Pain is a common, but perhaps unexpected, non-motor symptom of Parkinson’s disease (PD). Up to 75 percent of people can experience some form of discomfort during the course of their disease. Unfortunately, this symptom is often under-recognized and therefore undertreated.
Many Potential Causes of Pain in Parkinson’s Disease
Some types of pain are due to Parkinson’s motor or non-motor symptoms, others to the underlying disease itself. Some pain or discomfort can’t be linked directly to PD but is still fairly common. A list of top causes of pain in people with Parkinson’s includes:
- Muscle stiffness: Motor symptoms, such as rigidity and slowness of movement can lead to aching and pain, which may result in decreased mobility and even more pain. Stiffness may be generalized over the entire body or localized to one region, such as the shoulder, arm or leg. Sometimes an uncontrolled tremor can trigger pain.
- Dystonia: Dystonia is a prolonged, involuntary muscle contraction that causes an abnormal posture. It can affect any body part, but typical examples in PD are foot cramping or curling under of the toes. Dystonia most often arises in the morning or during “off” times, when medication is not working optimally and Parkinson’s symptoms return.
- Dyskinesia: Dyskinesia is abnormal, involuntary movement that may develop with long-term use of levodopa (in conjunction with a longer duration of disease). Dyskinesia usually occurs when Parkinson’s symptoms are otherwise controlled (i.e., during “on” times). The movements can be a writhing, wriggling or fidgeting-type motion.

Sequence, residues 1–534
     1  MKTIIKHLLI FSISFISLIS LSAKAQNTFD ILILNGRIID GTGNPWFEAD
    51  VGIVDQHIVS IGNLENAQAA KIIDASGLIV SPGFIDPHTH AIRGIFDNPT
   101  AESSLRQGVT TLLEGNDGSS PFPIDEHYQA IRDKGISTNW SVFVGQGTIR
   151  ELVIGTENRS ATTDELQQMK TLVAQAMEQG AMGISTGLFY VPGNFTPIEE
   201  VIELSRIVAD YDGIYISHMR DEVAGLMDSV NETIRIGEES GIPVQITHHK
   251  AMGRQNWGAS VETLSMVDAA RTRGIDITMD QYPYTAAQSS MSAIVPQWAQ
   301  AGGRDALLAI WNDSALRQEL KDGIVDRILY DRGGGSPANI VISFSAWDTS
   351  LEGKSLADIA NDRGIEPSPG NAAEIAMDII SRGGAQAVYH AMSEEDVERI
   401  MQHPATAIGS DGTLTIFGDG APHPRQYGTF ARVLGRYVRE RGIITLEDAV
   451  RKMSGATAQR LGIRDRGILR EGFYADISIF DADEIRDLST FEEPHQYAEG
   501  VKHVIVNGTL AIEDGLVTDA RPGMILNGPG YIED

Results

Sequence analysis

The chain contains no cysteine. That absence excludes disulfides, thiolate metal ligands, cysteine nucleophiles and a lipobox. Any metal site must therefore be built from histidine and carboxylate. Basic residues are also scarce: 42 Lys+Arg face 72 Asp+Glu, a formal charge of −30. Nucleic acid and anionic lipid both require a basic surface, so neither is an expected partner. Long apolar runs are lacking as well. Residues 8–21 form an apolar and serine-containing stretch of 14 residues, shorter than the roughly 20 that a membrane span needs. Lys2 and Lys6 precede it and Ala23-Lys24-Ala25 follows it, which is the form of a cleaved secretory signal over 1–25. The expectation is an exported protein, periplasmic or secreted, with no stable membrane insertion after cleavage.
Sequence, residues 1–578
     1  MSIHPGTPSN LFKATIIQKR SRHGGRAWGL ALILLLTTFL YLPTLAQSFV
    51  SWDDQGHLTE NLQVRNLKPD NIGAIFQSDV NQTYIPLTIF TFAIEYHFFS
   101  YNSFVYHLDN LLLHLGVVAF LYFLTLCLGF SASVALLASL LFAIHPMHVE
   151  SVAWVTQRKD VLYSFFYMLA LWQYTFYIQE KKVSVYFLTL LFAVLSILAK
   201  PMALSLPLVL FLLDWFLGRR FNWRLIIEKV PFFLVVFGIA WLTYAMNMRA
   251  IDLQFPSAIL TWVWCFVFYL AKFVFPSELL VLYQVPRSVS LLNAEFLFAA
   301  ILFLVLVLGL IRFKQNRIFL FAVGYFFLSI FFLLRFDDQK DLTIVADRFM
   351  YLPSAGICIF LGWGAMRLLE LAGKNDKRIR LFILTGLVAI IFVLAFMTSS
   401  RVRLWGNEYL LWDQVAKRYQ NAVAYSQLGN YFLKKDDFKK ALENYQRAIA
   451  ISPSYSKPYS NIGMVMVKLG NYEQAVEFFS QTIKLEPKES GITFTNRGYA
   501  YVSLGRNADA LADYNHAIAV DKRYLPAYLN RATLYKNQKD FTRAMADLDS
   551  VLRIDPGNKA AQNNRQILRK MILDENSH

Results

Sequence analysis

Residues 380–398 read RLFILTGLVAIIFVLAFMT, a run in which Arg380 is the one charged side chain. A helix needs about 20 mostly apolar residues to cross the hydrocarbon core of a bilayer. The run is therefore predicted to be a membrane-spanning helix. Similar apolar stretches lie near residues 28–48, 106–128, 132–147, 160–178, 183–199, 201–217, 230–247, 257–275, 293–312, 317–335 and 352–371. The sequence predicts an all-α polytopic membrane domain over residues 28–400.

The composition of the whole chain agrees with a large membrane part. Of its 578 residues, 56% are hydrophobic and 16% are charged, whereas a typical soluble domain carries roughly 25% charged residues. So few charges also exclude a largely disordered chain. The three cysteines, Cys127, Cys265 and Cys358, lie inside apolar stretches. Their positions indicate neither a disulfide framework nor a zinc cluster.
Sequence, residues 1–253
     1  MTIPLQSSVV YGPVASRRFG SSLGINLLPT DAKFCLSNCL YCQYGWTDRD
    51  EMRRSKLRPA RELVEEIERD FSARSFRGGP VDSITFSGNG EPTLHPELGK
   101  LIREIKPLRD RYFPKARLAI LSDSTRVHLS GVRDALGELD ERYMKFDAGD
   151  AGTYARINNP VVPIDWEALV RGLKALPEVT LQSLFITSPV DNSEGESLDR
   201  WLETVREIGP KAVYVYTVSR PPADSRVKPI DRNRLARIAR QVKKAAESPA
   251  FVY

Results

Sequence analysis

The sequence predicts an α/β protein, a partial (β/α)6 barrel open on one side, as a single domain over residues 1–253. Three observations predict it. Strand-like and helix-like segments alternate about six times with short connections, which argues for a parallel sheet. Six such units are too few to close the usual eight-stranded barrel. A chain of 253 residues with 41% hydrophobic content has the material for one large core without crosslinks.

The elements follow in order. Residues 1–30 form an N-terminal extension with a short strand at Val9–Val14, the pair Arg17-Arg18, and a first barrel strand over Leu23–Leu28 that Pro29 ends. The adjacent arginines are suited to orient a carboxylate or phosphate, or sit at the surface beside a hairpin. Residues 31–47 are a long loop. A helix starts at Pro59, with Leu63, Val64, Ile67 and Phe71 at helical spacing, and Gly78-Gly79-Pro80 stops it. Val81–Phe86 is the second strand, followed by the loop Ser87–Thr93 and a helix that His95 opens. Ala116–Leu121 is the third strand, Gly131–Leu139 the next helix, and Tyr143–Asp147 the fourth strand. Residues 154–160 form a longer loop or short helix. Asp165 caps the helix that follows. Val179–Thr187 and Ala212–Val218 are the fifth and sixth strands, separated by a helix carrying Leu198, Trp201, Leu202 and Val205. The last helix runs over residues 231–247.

- Central pain: In PD, the brain regions that process sensation and pain may not work correctly, which can result in a syndrome called “central pain.” The symptoms of central pain vary widely from person to person. Pain can be widespread, affecting the whole body, or focused on one area. It may be a constant burning sensation or an intermittent sharp burst of pain.
- Abdominal pain: The majority of people with Parkinson’s experience constipation or stomach upset at some point, many times even before diagnosis. Constipation can range from a minor nuisance to a condition that causes severe bloating and discomfort.
- Musculoskeletal pain: Because of decreased mobility, postural changes, falls and sometimes fractures, Parkinson’s can cause muscle and bone achiness. Many people also have lower back pain and even associated sciatica (pain, tingling and numbness radiating down the back of one leg).
- Joint pain: Arthritis isn’t part of Parkinson’s per se. But both conditions are more common with aging so their pains can be difficult to differentiate. Hand, knee, hip and lower back joints often are stiffened by arthritis.
- Neuropathy: Damage to peripheral nerves (those that carry sensation to the hands and feet) can manifest as numbness, tingling or burning. This sort of neuropathy can be caused by a number of conditions, including diabetes and vitamin B deficiencies.